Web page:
Here is the 32nd poem in my 52-poem sequence (one a week) for 2013, followed by some illumination and reflection:
The bleak midwinter sun
rose to find me in the bath
this morning and the floor
turned to glass as the snow began
in slow motion confetti lightness
and I remembered all
the twelve years of our friendship.
Talking to Napoleon on the Ouija board
with mad Diane at midnight
in fogbound Woodlands
stealing your last can of ravioli
on New Year’s Eve
experiments with Speed
falling off step-ladders in your living room
high on life and beer
drunk on melancholy.
Somehow it seems today
your day at this bleak solstice
at the end of a century
we have all survived
into the future and yet
we were best when we were miserable,
and never quite forgave ourselves
or each other
for getting happy.
Well, I’ve never been married, despite me and Rona being together for nearly 20 years, so this title doesn’t refer to me but to the wedding of my old friend Iain Cree to Lynn Young back at the start of the 21st century. The poem tries to capture that sense of an–end-of-an-era, that I think we all get at that stage in life when your old drinking buddies start turning into sensible married types, although to be fair to Iain I’m not sure his worst enemy would call him sensible even now!
It’s an indication of how age changes our perception of time, that I thought “twelve years of friendship” was a lot back then. These days, World War Two feels recent to me, just because I’ve learned how fast entire decades can fly by.
I suppose the real point of this one, and it’s an uplifting thought I think, is how our sorrows can be redeemed by future happiness, and become a welcome part of a bigger picture when looking back. How, indeed, to go further, they may even possess a grandeur and dignity that we should try to relish even whilst we are still in the midst of sorrow. Some people of course live lives which are perhaps never redeemed by future happiness, and this takes us into areas of spirituality. Regardless of your beliefs, I would suggest that the great mothering oblivion of Nature’s future embrace for us, is itself a redeeming happiness, from which dignity and grace can by gleaned for life in the present, if we just pay enough attention to all the beauty around us.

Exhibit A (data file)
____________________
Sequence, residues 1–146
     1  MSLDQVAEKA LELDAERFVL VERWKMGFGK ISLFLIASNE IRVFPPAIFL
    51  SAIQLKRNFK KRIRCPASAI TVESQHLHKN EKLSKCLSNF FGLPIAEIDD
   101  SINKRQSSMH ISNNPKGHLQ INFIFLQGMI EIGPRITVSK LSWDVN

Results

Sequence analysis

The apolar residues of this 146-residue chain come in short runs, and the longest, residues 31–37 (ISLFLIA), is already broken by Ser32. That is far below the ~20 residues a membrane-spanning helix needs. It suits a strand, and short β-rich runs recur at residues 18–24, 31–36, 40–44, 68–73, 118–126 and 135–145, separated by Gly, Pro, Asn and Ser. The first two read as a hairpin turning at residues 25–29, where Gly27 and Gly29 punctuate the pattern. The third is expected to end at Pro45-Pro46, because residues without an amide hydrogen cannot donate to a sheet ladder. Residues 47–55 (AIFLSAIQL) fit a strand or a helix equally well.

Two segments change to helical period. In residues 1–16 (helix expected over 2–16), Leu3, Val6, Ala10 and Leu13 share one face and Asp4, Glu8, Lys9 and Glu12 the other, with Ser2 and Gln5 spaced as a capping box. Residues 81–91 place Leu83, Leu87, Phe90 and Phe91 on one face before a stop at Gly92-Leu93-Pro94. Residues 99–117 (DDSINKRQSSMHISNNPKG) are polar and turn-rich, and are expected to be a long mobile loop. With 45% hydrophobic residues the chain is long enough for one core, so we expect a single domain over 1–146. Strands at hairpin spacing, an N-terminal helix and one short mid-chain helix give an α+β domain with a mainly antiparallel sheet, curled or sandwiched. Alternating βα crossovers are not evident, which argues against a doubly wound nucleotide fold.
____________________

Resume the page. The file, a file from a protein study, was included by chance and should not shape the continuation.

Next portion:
I found myself remembering the lyrics of the late David McComb of Australian band The Triffids the other day, apropos of nothing, funnily enough a band that my aforementioned friend Iain got me into:
There’s a chapel deep in a valley
For travelling strangers in distress
It’s nestled among the ghosts of the pines
Under the shadow of a precipice
When a lonesome climbing figure
Slips and loses grip
Tumbles into a crevice
To his icy mountain crypt
Buy him deep in love, bury him deep in love
Take him in, under your wing
Bury him deep in love
Poor David McComb, he never made it to the 21st century, a tragic victim of alcohol and drug abuse, like so many ‘rock stars’. So as the poem says, be grateful that we all survived, my friends. The McComb lyrics lead me to an illustration for this week’s post: ‘Winter Landscape with a Church’ by Caspar David Friedrich.